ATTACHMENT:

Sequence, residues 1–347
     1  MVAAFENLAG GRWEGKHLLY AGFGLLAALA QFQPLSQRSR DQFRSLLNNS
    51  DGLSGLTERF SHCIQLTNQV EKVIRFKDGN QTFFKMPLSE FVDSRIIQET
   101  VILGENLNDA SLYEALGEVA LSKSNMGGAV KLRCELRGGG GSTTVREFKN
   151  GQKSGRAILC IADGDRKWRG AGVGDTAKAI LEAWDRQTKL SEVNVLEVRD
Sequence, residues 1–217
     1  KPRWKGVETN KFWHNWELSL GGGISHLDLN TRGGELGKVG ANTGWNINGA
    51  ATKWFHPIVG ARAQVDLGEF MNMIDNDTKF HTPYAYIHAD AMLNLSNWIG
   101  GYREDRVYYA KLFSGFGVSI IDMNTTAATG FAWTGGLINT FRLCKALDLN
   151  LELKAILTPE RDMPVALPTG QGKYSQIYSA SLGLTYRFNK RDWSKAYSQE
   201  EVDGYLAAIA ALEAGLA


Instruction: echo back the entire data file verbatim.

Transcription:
Sequence, residues 1–347
     1  MVAAFENLAG GRWEGKHLLY AGFGLLAALA QFQPLSQRSR DQFRSLLNNS
    51  DGLSGLTERF SHCIQLTNQV EKVIRFKDGN QTFFKMPLSE FVDSRIIQET
   101  VILGENLNDA SLYEALGEVA LSKSNMGGAV KLRCELRGGG GSTTVREFKN
   151  GQKSGRAILC IADGDRKWRG AGVGDTAKAI LEAWDRQTKL SEVNVLEVRD
Sequence, residues 1–217
     1  KPRWKGVETN KFWHNWELSL GGGISHLDLN TRGGELGKVG ANTGWNINGA
    51  ATKWFHPIVG ARAQVDLGEF MNMIDNDTKF HTPYAYIHAD AMLNLSNWIG
   101  GYREDRVYYA KLFSGFGVSI IDMNTTAATG FAWTGGLINT FRLCKALDLN
   151  LELKAILTPE RDMPVALPTG QGKYSQIYSA SLGLTYRFNK RDWSKAYSQE
   201  EVDGYLAAIA ALEAGLA